6. Manybooks Manybooks says:

    This is not really a review of the general contents and themes of Little House on the Prairie but my personal attitudes towards the fact that this book has been and like so many others repeatedly challenged and even at times bannedcensored mostly due to the way Native Americans are depicted and the attitudes shown towards themAnd yes there are indeed issues with Little House on the Prairie and especially the attitudes towards Native Americans are certainly problematic to say the least However the actual attitudes towards Native Americans were in the 19th century often very much akin to those shown in the book and the claim that the only good Indian is a dead Indian was unfortunately common amongst many settlers like the Scotts who I think uttered these words And well those who would challenge the Little House on the Prairie novels and attempt to have them banned are thus not only being censorious but even worse they are in fact attempting to erase the unfortunate truth that Native Americans were often seen in this way And indeed and in my opinion Little House on the Prairie would in my opinion be a good starting point for discussions although I do realise the novel could I guess also be used and likely has been used by those against Native Americans to bolster and justify their own prejudices however this can be and has been the case with many if not most controversial books and will likely remain thusAnd frankly while I have than a bit of trouble with the way Native Americans are depicted and the attitudes shown towards them in Little House on the Prairie I especially find the often totally glowing descriptions of Ma of Caroline Ingalls than a bit hard to stomach as she is really uite the stereotyper much so than Charles Ingalls although also not yet on the same level as the Scotts I do very much appreciate the fact that Laura Ingalls Wilder has not tried pretend that attitudes towards Native Americans were different and positive since if she had for example written stories about the Ingalls family becoming close to and good friends with their Native American neighbours although this might feel acceptable to our modern sensibilities it also would be for the most part woefully and perhaps even dangerously anachronistic And finally one must realise that while Little House on the Prairie is considered historical fiction it was also written at a time when negative impressions of or at the very least patronising and Euro centric attitudes towards Native Americans were still very much not only acceptable but common The novel describes the past but is also of its time and should be read appreciated and approached as suchAnd I also wonder whether those individuals who believe that Little House on the Prairie should be banned andor censored consider themselves to be educated to be socially active to be fighting against bigotry and the like and the answer would probably be a resounding yes for most However if one strives to ban or censor books one is behahving and no matter for what reason one attempts to ban or censor a book the same or at least in a similar manner as that against which one is fighting Education understanding solidarity will never be reached nor will the battle against bigotry ever be won by using similarly problematic and draconian means but through thoughtful discussion and debate in my opinion banning books no matter for what purpose is and always will be an act of bigotry an act of dictatorial over reaching an act that destroys freedom and only creates strife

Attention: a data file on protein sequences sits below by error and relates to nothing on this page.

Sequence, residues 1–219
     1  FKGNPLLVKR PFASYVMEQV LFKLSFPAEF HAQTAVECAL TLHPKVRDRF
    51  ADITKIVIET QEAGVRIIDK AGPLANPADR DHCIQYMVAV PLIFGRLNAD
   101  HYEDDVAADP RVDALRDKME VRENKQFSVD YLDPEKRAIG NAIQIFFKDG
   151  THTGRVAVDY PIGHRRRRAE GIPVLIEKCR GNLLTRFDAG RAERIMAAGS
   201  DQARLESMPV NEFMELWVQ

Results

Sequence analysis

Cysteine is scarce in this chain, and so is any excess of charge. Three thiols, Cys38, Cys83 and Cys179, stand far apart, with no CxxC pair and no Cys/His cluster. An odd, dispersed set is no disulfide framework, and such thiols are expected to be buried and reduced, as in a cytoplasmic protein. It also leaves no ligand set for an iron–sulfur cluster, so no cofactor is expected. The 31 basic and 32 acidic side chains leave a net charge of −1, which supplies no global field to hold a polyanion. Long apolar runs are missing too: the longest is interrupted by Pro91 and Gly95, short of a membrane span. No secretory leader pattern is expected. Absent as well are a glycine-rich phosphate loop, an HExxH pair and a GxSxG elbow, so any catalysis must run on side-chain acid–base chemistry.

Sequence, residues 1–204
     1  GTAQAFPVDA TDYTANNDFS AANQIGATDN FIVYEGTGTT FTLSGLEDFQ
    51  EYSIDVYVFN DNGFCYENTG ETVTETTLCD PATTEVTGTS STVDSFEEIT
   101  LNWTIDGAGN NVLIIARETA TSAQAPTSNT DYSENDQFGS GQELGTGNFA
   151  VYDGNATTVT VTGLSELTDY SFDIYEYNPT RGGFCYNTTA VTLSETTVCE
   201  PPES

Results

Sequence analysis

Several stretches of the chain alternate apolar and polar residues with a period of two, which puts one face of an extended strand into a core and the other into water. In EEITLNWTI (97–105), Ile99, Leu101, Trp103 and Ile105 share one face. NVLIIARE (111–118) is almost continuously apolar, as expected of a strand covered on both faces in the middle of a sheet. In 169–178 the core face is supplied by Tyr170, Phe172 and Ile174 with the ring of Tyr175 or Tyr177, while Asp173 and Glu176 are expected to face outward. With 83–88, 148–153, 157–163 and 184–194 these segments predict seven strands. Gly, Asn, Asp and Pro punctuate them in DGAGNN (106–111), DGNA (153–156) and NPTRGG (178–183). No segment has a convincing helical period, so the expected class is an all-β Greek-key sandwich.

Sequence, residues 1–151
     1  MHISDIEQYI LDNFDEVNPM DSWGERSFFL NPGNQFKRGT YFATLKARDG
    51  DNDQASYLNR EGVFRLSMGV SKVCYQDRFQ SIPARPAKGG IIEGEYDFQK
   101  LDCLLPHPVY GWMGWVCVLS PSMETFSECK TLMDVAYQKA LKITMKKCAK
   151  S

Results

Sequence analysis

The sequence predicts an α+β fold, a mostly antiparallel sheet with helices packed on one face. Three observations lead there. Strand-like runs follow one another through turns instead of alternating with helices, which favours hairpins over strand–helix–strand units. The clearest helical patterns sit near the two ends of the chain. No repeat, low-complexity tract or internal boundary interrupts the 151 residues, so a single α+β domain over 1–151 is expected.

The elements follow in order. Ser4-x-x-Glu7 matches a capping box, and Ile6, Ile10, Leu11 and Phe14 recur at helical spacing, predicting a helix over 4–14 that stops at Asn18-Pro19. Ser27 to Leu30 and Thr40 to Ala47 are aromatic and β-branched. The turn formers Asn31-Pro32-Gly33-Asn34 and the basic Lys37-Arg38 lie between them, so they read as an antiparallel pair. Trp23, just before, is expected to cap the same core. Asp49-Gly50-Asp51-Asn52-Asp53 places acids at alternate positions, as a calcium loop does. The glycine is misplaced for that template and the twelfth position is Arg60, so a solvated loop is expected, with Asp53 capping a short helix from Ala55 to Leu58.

7. Mike Angelillo Mike Angelillo says: